The photographer’s perspective does hold significance, whether that perspective is based on ignorance, research, participation, immersion, or upbringing within the set of ideas inherent to the work. This context frames the work we make, which isn’t always about an insider’s perspective. The work we do does not prevent any insider from also producing work; there is room for everyone to tell things from their perspective, and all perspectives are valid according to their purpose. There are always many ways to see and interpret, which is why seeing and interpreting in collaboration as we strive for is a worthy way to process and represent these stories.
Photographs made from contrasting or even conflicting viewpoints can be taken holistically to provide even greater depth and understanding than one view in isolation.
Recently we have produced a zine from a short time working during a Foundation Stone laying ceremony at the Milton Keynes Murugan Temple. Sagar and I worked on this, up at 5am in order to arrive very early and document throughout the ceremony, leaving only when everyone else has also left. We helped to set up around the temple grounds, and I worked on some still life and contextual images while it was quiet.
As devotees began to join we worked around them, careful not to get in the way, but with a good understanding based on prior experiences at pūjā ceremonies which meant we could navigate and pre-empt events, often positioning ourselves in advance, or very close to proceedings while knowing that we were not obstructing.
Sagar’s communication and participation with this community beforehand meant everyone knew we would be present, and everyone was comfortable knowing they could approach us at any time if they wanted to speak about anything with us. Sagar elaborates on this in the voiceover to a video made of some short clips I made during the event.
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Knowing your audience and writing for them may alienate someone you didn’t have in mind when producing a piece of work. We try to offer as much as possible to anyone who may pick up and flick through a publication, without excluding as best as possible. Someone deeply involved in a culture may use idioms or make a photograph of a symbol that to them has obvious meaning but to someone else is open to interpretation without some kind of guidance from the authorial voice.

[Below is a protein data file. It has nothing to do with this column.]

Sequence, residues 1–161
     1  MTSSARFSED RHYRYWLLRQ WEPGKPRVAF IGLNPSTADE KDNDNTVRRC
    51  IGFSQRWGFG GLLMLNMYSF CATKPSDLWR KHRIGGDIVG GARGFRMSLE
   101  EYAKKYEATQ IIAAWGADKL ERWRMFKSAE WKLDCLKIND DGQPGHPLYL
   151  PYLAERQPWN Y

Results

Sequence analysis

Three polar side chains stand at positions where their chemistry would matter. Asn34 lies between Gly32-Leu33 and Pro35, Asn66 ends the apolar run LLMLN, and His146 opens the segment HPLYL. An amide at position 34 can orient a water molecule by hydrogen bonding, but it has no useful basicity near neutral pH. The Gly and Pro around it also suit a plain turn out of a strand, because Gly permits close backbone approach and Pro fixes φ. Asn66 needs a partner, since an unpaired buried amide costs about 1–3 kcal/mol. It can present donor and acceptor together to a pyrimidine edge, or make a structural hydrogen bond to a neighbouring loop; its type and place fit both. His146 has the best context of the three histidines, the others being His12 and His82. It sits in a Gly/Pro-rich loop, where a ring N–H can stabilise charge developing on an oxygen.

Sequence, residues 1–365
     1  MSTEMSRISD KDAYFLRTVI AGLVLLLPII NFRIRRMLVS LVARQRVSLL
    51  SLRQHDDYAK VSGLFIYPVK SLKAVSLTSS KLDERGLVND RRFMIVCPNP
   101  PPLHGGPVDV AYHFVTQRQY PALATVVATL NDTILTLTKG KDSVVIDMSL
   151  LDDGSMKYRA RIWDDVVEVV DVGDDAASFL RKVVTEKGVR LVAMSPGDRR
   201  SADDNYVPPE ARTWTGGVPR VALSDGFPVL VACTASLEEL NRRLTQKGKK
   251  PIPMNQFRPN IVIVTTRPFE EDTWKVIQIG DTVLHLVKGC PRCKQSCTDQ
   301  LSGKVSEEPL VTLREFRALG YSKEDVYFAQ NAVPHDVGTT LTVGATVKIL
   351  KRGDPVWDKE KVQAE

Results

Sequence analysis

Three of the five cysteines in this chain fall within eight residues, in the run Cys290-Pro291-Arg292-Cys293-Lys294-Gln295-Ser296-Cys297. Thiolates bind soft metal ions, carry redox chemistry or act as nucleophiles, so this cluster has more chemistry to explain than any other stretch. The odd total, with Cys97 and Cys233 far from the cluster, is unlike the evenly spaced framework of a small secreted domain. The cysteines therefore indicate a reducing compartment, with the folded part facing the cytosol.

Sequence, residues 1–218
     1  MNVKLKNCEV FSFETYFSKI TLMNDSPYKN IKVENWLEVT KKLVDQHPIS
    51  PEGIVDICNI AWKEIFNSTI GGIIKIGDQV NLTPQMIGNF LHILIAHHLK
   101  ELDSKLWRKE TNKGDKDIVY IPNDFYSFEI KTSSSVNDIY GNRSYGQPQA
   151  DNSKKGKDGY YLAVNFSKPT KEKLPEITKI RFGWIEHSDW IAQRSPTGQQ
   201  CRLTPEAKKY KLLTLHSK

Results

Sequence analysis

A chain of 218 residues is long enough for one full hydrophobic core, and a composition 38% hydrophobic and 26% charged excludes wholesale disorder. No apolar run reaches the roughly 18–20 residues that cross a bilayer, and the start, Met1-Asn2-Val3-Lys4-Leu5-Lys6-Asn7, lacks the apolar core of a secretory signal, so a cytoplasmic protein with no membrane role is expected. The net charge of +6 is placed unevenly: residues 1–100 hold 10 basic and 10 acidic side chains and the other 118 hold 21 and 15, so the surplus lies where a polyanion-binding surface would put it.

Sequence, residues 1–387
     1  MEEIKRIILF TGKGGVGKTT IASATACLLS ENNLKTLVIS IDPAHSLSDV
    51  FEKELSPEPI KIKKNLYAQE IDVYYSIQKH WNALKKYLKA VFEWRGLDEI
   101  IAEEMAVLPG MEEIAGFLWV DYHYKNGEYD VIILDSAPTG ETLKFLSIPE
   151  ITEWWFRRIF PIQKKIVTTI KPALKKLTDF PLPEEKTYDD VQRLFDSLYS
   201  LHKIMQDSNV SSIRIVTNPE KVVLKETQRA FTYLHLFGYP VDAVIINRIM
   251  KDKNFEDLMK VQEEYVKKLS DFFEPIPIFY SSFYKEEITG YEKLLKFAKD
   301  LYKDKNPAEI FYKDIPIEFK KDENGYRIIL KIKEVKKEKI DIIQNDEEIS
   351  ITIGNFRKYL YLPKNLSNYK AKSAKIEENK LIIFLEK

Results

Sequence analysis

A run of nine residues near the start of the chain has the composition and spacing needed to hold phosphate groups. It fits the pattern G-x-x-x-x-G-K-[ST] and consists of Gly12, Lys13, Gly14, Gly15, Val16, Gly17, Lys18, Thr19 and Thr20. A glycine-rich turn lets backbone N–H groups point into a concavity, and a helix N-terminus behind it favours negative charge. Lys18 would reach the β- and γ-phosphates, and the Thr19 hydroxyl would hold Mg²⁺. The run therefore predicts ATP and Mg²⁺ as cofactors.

Many communities do not have a dedicated documentarian working specifically to produce this kind of long-term story. For example, in a place of worship, the community is there for their personal and collective service, not to observe themselves in that space (although again there are always exceptions, community to community).
Outside of community events where someone may take photos on their phone, or hire an event photographer, an archive of imagery will not exist without an attending long-form documentary photographer, with that specific agenda. Even an event photographer will be producing event photography, not community photography; the style and eye are very different. The non-participatory observer is free to dedicate their eye to the task at hand; their attention won’t be divided between their agenda and the politics of the community dynamic.
Empathy is essential, even when photographing someone whose way of life goes in opposition to the photographer’s. Even if producing a story that is critical of a person that critique should be grounded, and not based in ridicule, such as accentuating features into a caricature. Whether we are photographing working or affluent class stories we will navigate in a similar way, engaging with people, and knowing when to take no for an answer, understanding boundaries all of which become aspects of the finished work itself.